The poem, “The Layers,” by Stanley Kunitz, speaks about past experiences and how one can learn from them to live a fulfilling life. Throughout the piece, the speaker explores the hurdles he has encountered and realizes that those obstacles have translated into tools he can use in the future. Overall, the speaker is optimistic and inspiring, as he reflects on the past to grow as an individual, while anticipating any challenges that will arise. This illustrates the one must embrace their history before they can love themselves in the present and the future. The speaker reminisces and attempts to puzzle out how past events have shaped him into the person he has become.
Anne Bradstreet states that “when she came into this country she found a new world and new manners, at which her heart rose in resistance” ( Baym, 2013, Pg. 110). Which is meaning that she has never felt so free and felt like she belonged. She believed that god has sent her through her path. Bradstreet wrote poetry to please her father when she was a young child.
In the Novel “Little Bee” by Chris Cleave, a major theme is hope. Hope Gives people something to live for. Compassion plays a big role in hope by showing the love for others and giving people a reason to live. Stories throughout the world show how compassion keeps people alive until the compassion dies. Another way to portray hope is through promises, they allow people to believe that something will definitely happen or will never happen.
The big message is for the readers to live and learn from experiences. The authors want their audiences to use these tales and examples as life lessons and hope for them to utilize these sources in their future lives. These two ideas are presented through the use of figurative language, mainly metaphors. In addition, the similar tone of these pieces allows the author to connect more deeply with the readers. Toni Morrison’s Nobel lecture, folktales, and several poems illustrate how metaphors and tone are used to describe experience and caution the readers.
Even their sons forget about them. However, even though he seems tired and sleepy, he has hope and wants to live. The composition shows a lonely, peaceful peace with ambient light in order to demonstrate that there are good and bad moments in life but we always have to fight for our dreams and work hard to have a better life. I chose this work of art because I like the formal elements as well as the use of colors and shades. Also, I chose this work because it illustrates the importance of having a family.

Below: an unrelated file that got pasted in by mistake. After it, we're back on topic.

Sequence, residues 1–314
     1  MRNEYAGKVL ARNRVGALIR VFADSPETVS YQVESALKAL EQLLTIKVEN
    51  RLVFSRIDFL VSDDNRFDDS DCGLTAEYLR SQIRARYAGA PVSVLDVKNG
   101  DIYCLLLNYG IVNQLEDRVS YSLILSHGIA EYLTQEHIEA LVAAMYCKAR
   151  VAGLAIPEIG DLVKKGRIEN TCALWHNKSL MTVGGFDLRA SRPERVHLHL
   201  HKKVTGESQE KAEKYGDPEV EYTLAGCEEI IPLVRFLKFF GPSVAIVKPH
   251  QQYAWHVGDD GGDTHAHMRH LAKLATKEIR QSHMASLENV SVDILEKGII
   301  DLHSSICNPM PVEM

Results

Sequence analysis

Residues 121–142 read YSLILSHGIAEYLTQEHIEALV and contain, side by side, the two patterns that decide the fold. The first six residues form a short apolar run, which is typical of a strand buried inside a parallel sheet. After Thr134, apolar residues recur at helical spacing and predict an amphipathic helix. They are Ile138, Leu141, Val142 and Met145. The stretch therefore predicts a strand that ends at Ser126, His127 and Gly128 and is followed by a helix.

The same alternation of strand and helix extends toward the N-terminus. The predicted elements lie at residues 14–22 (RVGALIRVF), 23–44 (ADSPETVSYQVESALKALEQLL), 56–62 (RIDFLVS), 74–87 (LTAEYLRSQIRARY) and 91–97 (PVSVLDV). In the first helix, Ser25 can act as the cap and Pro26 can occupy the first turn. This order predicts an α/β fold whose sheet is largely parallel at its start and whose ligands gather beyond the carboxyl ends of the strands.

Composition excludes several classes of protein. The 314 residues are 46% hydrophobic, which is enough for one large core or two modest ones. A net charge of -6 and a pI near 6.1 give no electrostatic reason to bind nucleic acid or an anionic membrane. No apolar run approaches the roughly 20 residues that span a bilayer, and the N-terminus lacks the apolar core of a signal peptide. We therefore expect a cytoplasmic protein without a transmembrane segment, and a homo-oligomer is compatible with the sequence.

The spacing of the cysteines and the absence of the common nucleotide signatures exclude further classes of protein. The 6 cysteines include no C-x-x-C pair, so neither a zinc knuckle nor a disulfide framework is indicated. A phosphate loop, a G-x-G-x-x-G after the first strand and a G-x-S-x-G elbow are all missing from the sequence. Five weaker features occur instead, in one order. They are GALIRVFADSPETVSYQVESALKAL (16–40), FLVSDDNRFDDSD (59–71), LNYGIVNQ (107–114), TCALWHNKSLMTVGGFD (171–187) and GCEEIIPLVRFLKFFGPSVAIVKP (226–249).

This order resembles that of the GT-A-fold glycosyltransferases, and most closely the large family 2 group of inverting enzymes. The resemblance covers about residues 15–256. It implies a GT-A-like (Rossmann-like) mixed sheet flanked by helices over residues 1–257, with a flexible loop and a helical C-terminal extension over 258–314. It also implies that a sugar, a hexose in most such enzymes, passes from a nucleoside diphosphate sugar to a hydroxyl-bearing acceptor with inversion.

This helps create a more positive tone in the speech and gives the audience a new perspective on things and a desire to continue on with life. By remembering who JFK was as a person and what he wanted, Lyndon B. Johnson is able to motivate his audience to continue on with life in a better way after a traumatic event. Through the use of antithesis, parallelism, and anaphora, Johnson evokes the feelings of inspiration that were once brought to the audience by JFK. Although sometimes in life people are taken away, never lose hope in the midst of sorrow. Use the tragedy as
The reader’s own voice allows them to realize that they do not need to feel trapped or dragged down by the other voices and that “the only thing you could do…to save / the only life you could save”. Oliver’s last two lines show a transformation within the reader as the reader realizes their own needs and self-worth. As the reader continues down the road, they become more free with every step, escaping the prison of the voices. To conclude, Oliver’s poem is a narrative explaining the torment everyone goes through in order to free themselves from the chains of the “voices” dragging them down. Within each stanza, the voices grow dimmer and dimmer until the only voice the reader is able to hear is their own, ultimately freeing them from any impediments.
Earlier in the book, after he professes his love for her, he promises, “For you, and for any dear to you, I would do anything” (117). Carton keeps his promise by later giving his life to save Darnay’s. His plans are foreshadowed when he whispers, “A life you love” (260) to Lucie and kisses her while she is unconcious. He is referring to Darnay’s life, whom he plans to save by trading places with him since they are doppelgangers. Carton loves Lucie dearly and cannot stand to see her in so much pain because of Darnay’s impending death.
The last and final segment is the “ Blooming”. The last semne is about all of the past segments but learning that thing where into going to get better from there for them. They reflect on the love they received and the love they gave to people. They talk about how they have the right to make their own decisions as a person and have a right to build there future for themselves and go down the path they want to, and not what other people say to contribute to them. It also brings light into the fact that they 've learned better to be in a relationship with someone who doesn 't respect them as a individual, and to also take that love they grew up with and base their life around the
In “A Bolt of White Cloth,” the author, Leon Rooke, uses symbolism to describe love. He develops the idea that love can bring happiness into one's life but to achieve happiness, one’s must have compassion and commitment through hard times. This is shown through the interactions between the peddler and the couple, who live a simple life loving each other. The peddler states that, “You can only buy my cloth with love,” symbolizes that love can be priceless. The peddler sold his cloth to the couple for having compassion and commitment through the hardships of not being able to have children.